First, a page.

From the hustle and bustle of Marrakech and Fes to the photogenic Chefchaouen and also the sand dunes of the Sahara Desert, Morocco
has an improbable blend of geography, climate and culture. Each region has its own unique activities for travelers to settle on from, further as specific weather patterns that require attention.
Main Regions of Morocco
Stretching from the Mediterranean coast and Rif Mountains in the north to the Atlantic coast in the west to the hot desert regions of the Sahara in the south, Morocco is a vast country with numerous landscaped areas. Across its midline are the Atlas Mountains, with the Sahara Desert on one side and the more lush coastal regions on the other.
Each region of Morocco has its own landscape, climate, traditions, customs and modern developments. All are fascinating in their own way. Morocco certainly offers a wide range of options for all kinds of travelers, where you can create a tailored itinerary that includes the areas and activities that interest you most.
In northern Morocco, you will find coastal cities such as Tangier, Rabat, Casablanca and Jadida. All of these offer charm as well as long and pleasant beaches. Inland are the historic cities of Fes and Meknes, ancient imperial cities. You’ll also find the Rif Mountains to the north, a scenic area and home to now protected macaques.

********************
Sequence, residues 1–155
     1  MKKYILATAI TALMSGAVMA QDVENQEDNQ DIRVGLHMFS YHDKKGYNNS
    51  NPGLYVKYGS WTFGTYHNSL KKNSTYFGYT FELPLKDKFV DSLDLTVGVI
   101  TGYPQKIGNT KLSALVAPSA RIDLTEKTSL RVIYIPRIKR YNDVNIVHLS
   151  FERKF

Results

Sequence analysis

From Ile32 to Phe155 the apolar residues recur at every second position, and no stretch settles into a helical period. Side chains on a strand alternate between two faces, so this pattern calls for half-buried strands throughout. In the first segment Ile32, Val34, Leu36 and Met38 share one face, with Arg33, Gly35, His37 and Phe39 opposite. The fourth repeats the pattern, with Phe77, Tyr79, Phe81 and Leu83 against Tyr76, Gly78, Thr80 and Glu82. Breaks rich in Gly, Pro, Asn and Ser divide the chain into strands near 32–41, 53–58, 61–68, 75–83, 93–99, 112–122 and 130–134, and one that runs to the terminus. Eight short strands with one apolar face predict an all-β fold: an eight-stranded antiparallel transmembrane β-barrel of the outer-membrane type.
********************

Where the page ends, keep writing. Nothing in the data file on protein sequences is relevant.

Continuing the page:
Further south – now the center of Morocco’s tourism today – is Marrakech. Exotic and mesmerizing, this “City of Roses” (so named for the pink color of its buildings) is an ideal base to start or end your trip. Time in the city offers exciting activities, traditions and colour, not far from the tranquil foothills of the High Atlas, the plains of Marrakech and the surrounding Jbilet mountains and Atlantic coastline.
West of Marrakech, on the Atlantic coast, is the delightful and very active traditional fishing port of Essaouira. The architectural colours of white and blue add to the charm of the town, the medina and the coastal defenses. Morocco’s unique argan tree grows inland and provides argan oil, prized for its culinary and cosmetic benefits. To the north and south of Essaouira are other lovely coastal areas and charming villages.
South of Marrakech are the High Atlas Mountains. Toubkal is the highest peak (13,671 feet/4,167 meters). Whether hiking or 4WD, exploring deep valleys and towering peaks opens up a fascinating world about the Berbers, their activities and customs. Their extraordinary creativity, hard work, and understanding of how to work with the environment have allowed the community to thrive here for many centuries.
The Sahara Desert
The southernmost but still easily accessible place is the Sahara Desert. Think oases, palm trees, sandy seas and camels against the backdrop of the sunset. The Sahara Desert consists of rocky deserts and sandy deserts. For example, watching a magnificent sunset from the sandy beaches of Merzouga is very beautiful. Spending a night “under the stars” (in a Bedouin tent!) was also the most exhilarating.